2 Electric Daisy Violin
One of the few of my old faves that she did, though this one’s all about the music; she uses the same choreography she did in the music video, which is pretty rudimentary. I just love how joyful this song is, and her beatific smile playing it.

3 Prism
With the release of the music video for this song, cleverly named “The Violindseys,” just a week or so before, there were no surprises in the choreography, and in fact the video ran behind them as they danced/played; it even started with her booty shake. And this is when I first noticed Savannah was my fave dancer, as I ended up watching her as much as Lindsey. Somehow the music seemed to flow more smoothly than the studio version, and even though I liked this one before, it feels even catchier now.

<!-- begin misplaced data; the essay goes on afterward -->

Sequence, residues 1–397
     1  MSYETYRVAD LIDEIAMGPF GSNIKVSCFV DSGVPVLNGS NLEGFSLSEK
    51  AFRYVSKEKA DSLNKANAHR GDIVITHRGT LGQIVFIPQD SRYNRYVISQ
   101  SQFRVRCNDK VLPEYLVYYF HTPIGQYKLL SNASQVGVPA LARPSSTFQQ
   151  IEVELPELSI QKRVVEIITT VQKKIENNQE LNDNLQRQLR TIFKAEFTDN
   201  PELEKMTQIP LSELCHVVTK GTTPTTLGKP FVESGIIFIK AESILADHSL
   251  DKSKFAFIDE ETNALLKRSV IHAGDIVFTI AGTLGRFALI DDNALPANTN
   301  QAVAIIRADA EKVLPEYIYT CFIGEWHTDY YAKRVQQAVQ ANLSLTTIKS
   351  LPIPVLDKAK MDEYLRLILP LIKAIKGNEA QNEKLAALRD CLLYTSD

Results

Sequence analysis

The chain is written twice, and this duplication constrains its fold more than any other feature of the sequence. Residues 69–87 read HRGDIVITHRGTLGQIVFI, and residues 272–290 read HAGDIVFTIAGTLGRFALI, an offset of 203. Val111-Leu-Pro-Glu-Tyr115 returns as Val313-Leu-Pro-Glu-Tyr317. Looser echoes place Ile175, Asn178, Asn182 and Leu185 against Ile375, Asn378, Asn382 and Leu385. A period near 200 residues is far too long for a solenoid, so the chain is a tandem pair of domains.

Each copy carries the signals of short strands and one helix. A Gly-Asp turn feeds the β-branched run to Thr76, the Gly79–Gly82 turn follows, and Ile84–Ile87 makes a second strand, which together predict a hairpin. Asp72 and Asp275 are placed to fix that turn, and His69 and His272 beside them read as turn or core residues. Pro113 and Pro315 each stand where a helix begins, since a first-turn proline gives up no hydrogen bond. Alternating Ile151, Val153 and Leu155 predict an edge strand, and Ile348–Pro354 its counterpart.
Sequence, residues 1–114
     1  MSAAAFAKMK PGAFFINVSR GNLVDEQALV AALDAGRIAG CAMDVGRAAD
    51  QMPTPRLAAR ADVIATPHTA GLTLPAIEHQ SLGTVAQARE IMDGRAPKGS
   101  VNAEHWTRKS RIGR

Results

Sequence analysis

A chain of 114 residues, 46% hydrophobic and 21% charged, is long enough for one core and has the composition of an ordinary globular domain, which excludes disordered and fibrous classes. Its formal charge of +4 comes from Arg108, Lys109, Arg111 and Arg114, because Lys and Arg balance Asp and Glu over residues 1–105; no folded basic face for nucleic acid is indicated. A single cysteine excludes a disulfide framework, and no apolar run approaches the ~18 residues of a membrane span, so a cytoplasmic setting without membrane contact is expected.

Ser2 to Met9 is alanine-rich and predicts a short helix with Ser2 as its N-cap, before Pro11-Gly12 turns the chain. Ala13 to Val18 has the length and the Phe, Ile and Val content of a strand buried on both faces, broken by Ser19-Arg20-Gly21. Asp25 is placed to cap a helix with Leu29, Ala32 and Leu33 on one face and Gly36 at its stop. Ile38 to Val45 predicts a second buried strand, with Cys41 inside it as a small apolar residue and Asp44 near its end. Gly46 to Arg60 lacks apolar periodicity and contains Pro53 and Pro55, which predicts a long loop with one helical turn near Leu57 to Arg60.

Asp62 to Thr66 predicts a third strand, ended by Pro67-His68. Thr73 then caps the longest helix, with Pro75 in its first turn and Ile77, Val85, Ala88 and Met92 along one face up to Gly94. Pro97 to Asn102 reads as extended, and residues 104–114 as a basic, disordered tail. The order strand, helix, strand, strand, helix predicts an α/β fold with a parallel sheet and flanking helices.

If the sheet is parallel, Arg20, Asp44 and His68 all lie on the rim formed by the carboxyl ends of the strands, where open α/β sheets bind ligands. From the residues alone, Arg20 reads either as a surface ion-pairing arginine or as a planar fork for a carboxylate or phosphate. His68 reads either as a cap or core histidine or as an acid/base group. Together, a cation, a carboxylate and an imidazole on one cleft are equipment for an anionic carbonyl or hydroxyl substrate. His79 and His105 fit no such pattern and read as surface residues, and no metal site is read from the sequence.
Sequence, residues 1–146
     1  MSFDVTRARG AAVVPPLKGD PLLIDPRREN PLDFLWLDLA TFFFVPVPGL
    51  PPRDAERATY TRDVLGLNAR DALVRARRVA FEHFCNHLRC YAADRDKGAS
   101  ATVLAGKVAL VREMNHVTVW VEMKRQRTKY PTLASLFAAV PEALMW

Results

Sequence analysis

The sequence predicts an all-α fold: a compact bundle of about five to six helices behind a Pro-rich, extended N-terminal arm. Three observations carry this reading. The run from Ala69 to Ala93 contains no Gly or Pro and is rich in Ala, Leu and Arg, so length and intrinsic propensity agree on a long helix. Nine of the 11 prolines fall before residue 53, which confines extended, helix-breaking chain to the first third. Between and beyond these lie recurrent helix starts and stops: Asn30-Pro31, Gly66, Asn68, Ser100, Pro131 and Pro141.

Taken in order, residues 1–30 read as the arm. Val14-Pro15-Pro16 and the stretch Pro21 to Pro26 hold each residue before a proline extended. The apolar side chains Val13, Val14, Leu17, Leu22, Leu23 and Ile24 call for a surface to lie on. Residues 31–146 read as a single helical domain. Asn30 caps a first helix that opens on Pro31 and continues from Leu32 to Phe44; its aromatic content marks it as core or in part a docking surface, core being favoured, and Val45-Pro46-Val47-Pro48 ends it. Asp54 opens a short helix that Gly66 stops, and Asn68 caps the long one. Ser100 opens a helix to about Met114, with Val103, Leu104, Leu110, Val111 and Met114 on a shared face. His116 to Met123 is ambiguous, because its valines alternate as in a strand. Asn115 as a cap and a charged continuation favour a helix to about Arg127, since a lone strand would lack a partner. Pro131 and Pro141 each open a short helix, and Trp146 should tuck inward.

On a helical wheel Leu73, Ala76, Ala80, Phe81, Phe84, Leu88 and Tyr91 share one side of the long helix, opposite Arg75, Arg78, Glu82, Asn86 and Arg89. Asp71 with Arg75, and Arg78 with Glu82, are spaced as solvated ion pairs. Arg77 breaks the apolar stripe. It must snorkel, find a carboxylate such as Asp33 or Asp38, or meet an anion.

4 Shatter Me
The first costume change—or maybe she just threw the pink tutu on over the shorts and suspenders ensemble—leads into Lindsey singing for only the second time, doing a soft harmonizing version of the chorus before it breaks into its usual hard rockness. The 3-D gearworks on the screens. . . obviously they fit the song, but felt they went on too long. The landscapes didn’t help either; it wasn’t till the globe shattered that it really worked. Really nothing here that makes it better than the previous version.

5 Lost Girls
Though it’s billed as a sequel to “Shatter Me,” what happens to the ballerina after she escapes the snow globe, it doesn’t really come through here. Instead we get one of the dancers—Malece, in this case—being bullied by the others as she tries to join their choreo. There’s a lot of floating lights as the innovative front screen is used for the first time. If I’m remembering correctly, a dark figure—played by Ashley—gives her super dance powers or something, and then she’s accepted. . . but then I really wasn’t there for the story, so whatever. As with everything, it’s really the music that matters.